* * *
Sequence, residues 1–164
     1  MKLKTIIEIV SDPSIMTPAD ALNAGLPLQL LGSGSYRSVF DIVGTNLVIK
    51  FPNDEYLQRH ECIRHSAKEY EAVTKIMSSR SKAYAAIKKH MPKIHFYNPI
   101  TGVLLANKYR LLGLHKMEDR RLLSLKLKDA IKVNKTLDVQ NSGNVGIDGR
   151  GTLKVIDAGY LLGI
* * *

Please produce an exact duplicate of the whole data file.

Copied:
Sequence, residues 1–164
     1  MKLKTIIEIV SDPSIMTPAD ALNAGLPLQL LGSGSYRSVF DIVGTNLVIK
    51  FPNDEYLQRH ECIRHSAKEY EAVTKIMSSR SKAYAAIKKH MPKIHFYNPI
   101  TGVLLANKYR LLGLHKMEDR RLLSLKLKDA IKVNKTLDVQ NSGNVGIDGR
   151  GTLKVIDAGY LLGI